Intel Software Guard Extension (SGX) is an architecture extension developed by Intel. SGX protects selected code and data from malicious disclosure or modification through the use of enclaves, which are protected areas of execution in the central processing unit (CPU).
SGX sets aside one or more ranges of physical memory as the Enclave Page Cache (EPC) and encrypts the data stored in the EPC using the Memory Encryption Engine (MEE). The data stored in the EPC is only decrypted inside the CPU. SGX offers CPU-based security controls. Data remains protected even when the OS, VMM, or BIOS are compromised.
You can encrypt sensitive data, pass the encrypted data to the enclave in the cloud, and provide the corresponding key to the enclave through remote attestation. Then you can compute over the fully encrypted data protected by the CPU, and the result is returned to you in an encrypted version. In this case, you can make use of the powerful cloud computing with low risk of data disclosure.
Enclave Definition Language (EDL) is the fundamental part of SGX. It defines all enclave interface functions. During the build process, the Edger8r tool generates trusted and untrusted proxy/bridge functions and performs security checks.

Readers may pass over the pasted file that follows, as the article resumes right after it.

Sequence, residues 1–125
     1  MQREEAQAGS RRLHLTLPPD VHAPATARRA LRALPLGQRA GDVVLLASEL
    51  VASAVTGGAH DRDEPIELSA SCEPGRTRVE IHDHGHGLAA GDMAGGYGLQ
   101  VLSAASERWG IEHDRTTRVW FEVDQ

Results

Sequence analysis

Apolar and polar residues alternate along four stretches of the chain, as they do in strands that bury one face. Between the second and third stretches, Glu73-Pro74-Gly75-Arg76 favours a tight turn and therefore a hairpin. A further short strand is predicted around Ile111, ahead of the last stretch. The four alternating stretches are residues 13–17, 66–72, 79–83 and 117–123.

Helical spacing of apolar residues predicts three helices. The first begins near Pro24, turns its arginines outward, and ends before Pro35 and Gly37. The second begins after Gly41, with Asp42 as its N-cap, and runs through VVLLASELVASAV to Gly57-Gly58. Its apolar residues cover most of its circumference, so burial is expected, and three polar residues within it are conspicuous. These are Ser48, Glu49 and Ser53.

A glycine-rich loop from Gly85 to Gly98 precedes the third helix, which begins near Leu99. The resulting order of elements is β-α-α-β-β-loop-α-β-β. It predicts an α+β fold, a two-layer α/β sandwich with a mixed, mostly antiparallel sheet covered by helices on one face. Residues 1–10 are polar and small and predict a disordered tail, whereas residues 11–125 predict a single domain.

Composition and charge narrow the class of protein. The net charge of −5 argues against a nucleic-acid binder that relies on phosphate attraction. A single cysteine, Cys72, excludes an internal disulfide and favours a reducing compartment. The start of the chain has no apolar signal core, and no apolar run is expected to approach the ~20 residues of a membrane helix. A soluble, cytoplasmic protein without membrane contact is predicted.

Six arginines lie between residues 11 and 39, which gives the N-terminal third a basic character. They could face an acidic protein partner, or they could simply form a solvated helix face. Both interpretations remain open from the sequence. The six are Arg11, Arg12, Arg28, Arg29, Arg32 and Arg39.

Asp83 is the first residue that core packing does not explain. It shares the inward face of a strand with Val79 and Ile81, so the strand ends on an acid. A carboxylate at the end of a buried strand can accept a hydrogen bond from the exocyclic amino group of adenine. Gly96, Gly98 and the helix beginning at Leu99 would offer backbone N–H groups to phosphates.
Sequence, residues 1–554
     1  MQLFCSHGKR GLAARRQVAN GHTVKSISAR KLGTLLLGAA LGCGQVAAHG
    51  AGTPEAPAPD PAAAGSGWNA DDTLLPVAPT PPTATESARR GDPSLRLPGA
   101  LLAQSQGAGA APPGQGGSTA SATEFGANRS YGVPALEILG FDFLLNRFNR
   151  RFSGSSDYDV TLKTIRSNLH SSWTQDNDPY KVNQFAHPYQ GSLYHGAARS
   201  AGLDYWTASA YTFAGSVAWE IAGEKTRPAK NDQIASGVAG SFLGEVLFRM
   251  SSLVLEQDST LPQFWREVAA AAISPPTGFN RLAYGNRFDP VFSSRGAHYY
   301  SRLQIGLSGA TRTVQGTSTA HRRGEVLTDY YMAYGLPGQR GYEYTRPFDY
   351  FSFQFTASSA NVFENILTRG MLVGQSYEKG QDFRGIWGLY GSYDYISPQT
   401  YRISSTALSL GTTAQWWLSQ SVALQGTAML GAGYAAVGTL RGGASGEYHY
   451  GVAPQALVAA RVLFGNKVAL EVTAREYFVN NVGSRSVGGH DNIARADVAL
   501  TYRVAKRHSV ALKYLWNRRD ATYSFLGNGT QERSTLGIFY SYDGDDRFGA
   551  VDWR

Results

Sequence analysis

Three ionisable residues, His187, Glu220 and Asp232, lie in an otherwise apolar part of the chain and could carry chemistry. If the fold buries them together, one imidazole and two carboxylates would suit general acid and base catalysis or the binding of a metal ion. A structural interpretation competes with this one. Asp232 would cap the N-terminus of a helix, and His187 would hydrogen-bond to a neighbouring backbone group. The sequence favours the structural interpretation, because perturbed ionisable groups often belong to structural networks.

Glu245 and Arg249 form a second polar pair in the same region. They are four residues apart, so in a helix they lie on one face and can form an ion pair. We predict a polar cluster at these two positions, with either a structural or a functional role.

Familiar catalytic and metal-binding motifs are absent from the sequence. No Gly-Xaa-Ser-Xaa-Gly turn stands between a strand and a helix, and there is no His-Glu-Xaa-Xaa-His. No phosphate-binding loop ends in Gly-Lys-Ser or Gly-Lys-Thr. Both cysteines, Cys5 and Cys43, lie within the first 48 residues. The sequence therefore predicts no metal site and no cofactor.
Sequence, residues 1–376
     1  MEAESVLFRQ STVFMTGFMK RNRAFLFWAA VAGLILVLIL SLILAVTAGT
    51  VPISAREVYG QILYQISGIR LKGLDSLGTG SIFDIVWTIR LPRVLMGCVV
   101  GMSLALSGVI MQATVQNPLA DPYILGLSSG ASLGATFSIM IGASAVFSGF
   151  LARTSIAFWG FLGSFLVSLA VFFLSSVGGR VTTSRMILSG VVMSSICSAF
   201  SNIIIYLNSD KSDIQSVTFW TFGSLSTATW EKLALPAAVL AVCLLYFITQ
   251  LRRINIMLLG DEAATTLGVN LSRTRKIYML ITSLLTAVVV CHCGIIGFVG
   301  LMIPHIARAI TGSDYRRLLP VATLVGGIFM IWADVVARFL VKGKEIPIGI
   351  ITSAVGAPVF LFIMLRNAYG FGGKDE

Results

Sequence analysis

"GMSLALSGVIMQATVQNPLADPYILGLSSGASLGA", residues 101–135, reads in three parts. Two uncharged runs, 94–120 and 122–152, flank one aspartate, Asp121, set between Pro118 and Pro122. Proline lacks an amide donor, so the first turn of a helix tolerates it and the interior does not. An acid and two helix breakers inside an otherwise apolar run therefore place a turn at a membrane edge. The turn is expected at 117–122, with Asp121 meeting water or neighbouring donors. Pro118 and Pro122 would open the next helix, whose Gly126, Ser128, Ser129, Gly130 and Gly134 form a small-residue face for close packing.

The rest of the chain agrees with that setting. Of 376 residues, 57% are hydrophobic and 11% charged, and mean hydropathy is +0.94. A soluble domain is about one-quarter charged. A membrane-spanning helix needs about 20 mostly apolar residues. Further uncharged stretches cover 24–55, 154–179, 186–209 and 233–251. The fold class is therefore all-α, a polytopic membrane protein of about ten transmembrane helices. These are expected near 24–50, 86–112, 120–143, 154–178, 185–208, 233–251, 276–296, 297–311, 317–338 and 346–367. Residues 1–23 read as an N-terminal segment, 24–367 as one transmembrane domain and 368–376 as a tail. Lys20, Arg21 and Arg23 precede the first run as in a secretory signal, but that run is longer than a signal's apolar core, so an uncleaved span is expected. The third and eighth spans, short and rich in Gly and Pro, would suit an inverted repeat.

Enclave interface functions can be divided into Enclave Calls (ECALLs) and Outside Calls (OCALLs).
- ECALL: A call from the application into an interface function within the enclave, which is defined as a trusted environment.
- OCALL: A call made from within the enclave to the application, which is defined as an untrusted environment.
// Add your definition of "secret_t" here
public void get_secret([out] secret_t* secret);
// This OCALL is for illustration purposes only.
// It should not be used in a real enclave,
// unless it is during the development phase
// for debugging purposes.
void dump_secret([in] const secret_t* secret);
You can install SGX using the installer file or source code including the SGX driver, SGX Platform Software (PSW), and SDK. For either method, you must install corresponding Linux kernel header files.
Note: The default directory for the Makefile in the example is
Download the source code from GitHub.
To compile the source code, follow the steps described in the README.md file.